When choosing a restaurant in Taiwan, do not let the (lack of) decor fool you, as it does not say anything about the quality of the food. Besides, most restaurants look like this so you would probably starve if you wouldn’t eat here because of how it looks. This is Liyuan Seafood Restaurant (柘園海鮮餐廳) near Sail Rock, just East of Kenting on the South coast of Taiwan, where we had one of our best meals in Taiwan.
Most Taiwanese restaurants do not sell wine. They usually have a refrigerator with beer and soft drinks, from which you can serve yourself. There are bottle openers on the tables, and when you leave they simply count the bottles on your table. It is allowed to bring your own drinks (I was even encouraged to go to the supermarket next door when I asked for something they didn’t have). Service is usually quick and dishes are brought to the table as they are ready (rather than serving everything at once). Dishes are shared between everyone at the same table, with a revolving plateau in the center of larger tables to facilitate this. Restaurant food is very cheap — we usually had a meal for two including drinks for less than 20 euros.
The freshness of the seafood at Liyuan was clear: the shrimp were still alive just minutes before we ordered them.
With the help of Google Translate we managed to order a plate of the shrimp that we had seen outside in the tank. They were amazing, stir fried with green onions, garlic, chilli, and some fermented black beans. It looks nice to serve them in the shell like this and it is less work for the chef, but it is a bit messy to peel them and you have to make sure to dip them in the delicious sauce.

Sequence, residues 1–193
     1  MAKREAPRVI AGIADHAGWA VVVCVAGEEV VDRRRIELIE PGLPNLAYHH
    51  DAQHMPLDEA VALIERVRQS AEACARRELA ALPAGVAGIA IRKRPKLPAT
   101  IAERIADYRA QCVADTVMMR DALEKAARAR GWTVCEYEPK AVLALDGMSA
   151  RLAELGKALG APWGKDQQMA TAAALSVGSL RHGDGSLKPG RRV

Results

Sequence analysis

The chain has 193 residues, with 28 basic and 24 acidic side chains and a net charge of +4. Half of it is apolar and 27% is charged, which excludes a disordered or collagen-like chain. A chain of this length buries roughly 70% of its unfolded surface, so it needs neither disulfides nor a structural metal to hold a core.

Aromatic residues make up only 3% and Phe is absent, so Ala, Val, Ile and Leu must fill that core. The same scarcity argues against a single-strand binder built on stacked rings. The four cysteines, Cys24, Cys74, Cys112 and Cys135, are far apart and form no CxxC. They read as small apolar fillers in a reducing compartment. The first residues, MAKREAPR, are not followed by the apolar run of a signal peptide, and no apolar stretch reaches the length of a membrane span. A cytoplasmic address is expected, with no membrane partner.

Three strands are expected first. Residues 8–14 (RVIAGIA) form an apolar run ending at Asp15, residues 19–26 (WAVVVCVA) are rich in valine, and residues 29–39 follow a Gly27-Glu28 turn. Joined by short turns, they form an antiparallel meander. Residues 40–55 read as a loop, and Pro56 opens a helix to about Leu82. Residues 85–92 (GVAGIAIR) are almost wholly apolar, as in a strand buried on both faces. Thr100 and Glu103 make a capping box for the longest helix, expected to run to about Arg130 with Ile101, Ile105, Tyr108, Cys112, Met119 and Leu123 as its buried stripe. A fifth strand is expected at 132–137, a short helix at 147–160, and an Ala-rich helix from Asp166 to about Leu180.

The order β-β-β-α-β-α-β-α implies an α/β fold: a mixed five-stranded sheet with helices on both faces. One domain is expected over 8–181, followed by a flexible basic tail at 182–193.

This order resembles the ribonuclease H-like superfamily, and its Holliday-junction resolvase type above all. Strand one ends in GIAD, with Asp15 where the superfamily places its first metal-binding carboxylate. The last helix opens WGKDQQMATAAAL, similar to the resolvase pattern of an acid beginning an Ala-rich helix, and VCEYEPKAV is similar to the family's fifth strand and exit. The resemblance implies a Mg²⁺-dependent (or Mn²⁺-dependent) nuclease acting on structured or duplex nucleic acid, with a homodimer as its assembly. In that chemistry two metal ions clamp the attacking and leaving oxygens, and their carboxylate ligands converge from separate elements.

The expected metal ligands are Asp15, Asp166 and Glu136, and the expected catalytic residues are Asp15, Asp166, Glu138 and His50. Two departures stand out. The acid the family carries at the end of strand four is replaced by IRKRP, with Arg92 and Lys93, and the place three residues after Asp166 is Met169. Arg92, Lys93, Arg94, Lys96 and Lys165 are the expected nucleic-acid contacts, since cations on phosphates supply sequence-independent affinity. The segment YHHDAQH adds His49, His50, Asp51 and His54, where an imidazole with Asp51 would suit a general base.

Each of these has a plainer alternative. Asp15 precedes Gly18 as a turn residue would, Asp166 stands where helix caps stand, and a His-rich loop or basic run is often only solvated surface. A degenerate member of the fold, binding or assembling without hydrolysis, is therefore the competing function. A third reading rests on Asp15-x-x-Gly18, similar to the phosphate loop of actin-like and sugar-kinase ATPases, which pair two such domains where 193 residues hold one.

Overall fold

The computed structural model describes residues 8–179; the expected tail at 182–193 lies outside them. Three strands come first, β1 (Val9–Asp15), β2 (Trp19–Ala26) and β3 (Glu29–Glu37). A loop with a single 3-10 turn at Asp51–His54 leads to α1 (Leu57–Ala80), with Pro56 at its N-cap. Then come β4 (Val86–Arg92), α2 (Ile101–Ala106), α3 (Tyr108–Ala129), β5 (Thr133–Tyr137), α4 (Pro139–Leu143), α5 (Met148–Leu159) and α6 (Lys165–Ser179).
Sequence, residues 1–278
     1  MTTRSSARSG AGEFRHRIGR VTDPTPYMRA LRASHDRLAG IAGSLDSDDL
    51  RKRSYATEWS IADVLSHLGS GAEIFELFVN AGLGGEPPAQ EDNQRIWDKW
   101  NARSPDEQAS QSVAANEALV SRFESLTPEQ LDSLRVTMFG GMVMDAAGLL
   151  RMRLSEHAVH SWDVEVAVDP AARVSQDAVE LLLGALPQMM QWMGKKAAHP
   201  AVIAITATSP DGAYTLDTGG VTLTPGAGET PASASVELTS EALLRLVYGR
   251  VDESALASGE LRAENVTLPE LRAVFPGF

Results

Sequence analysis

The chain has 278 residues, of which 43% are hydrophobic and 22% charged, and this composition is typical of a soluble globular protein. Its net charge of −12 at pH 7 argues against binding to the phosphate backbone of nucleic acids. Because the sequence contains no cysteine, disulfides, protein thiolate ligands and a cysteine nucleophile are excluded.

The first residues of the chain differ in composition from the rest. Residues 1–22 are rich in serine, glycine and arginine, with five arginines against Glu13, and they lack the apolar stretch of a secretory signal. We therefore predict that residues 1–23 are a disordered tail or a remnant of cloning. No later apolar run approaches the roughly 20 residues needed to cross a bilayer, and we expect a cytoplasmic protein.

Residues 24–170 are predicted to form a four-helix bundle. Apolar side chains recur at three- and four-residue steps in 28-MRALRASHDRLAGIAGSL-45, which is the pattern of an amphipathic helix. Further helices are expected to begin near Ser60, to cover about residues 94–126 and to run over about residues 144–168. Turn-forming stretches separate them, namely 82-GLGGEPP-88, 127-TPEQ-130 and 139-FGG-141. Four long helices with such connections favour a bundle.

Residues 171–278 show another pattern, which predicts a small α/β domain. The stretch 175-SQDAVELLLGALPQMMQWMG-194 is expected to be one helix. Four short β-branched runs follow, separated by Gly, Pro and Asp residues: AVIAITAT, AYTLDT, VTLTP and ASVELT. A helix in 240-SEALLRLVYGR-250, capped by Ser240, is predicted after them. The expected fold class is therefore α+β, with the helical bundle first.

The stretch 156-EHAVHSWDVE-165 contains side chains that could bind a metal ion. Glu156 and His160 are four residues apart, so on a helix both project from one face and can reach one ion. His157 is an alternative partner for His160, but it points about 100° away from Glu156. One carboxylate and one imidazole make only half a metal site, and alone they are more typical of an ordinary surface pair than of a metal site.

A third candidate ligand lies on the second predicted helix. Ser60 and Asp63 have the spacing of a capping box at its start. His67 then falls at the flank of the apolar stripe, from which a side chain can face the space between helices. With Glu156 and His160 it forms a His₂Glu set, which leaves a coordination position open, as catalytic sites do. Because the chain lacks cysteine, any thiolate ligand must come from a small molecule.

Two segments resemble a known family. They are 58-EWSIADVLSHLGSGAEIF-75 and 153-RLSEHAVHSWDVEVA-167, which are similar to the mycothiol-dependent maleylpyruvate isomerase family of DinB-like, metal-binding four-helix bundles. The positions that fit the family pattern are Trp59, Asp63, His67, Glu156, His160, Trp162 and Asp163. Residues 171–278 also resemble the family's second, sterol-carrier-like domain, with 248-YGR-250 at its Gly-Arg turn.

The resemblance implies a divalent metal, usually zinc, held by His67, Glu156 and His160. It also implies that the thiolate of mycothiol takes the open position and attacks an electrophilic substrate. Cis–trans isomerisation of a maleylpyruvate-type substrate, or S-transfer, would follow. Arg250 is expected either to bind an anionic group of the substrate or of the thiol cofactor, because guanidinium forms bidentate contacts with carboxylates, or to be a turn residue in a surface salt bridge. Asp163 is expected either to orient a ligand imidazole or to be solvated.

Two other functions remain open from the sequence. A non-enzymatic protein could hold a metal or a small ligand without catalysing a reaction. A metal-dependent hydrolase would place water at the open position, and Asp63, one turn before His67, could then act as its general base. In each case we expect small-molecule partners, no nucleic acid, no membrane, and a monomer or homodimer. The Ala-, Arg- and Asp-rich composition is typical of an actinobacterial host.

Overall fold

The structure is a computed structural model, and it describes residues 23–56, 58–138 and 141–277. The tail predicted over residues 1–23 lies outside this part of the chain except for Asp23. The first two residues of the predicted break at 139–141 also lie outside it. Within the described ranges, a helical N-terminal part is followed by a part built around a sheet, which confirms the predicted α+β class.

So when making something similar at home, I decided to use peeled shrimp. Unfortunately, live jumbo shrimp are not available around here, so I had to make do with frozen ones. They are not as sweet as the really fresh ones, but otherwise this was pretty close to the dish as I remember it. I should have used more green onions (which I already changed in the list of ingredients below). Make sure to have all the ingredients ready as you need to work quickly to prevent overcooking the shrimp. They should be tender and juicy rather than rubbery and dry. Here’s what I did…
For 2 servings
300 grams (.66 lb) large shrimp, peeled and deveined, patted dry with paper towels
3 scallions / green onions, sliced
1/2 red chilli pepper, sliced
2 garlic cloves, minced
1 tsp fermented black beans, finely minced
vegetable oil for stir frying, I used peanut oil
shaoxing rice wine
Heat about 4 tablespoons of oil in a wok. Add the chilli and green onions and stir fry for a minute.
Add the garlic and stir fry very briefly. Make sure the garlic does not turn brown.
Add the shrimp very quickly after the garlic.
Stir fry just until the shrimp has changed color. Then add the minced fermented black beans.
Stir and add a glug of shaoxing rice wine.
Stir and add a glug of soy sauce. Stir to coat the shrimp with the sauce, then turn off the heat.
(No additional salt is needed as the black beans and soy sauce contain plenty of salt.)
Serve at once.
Although no wine is provided in Taiwan, at home we enjoyed this with a dry gewurztraminer from Alto Adige (Südtirol) in North-East Italy.
These cheese enchiladas with chilli con carne are great comfort food the winter.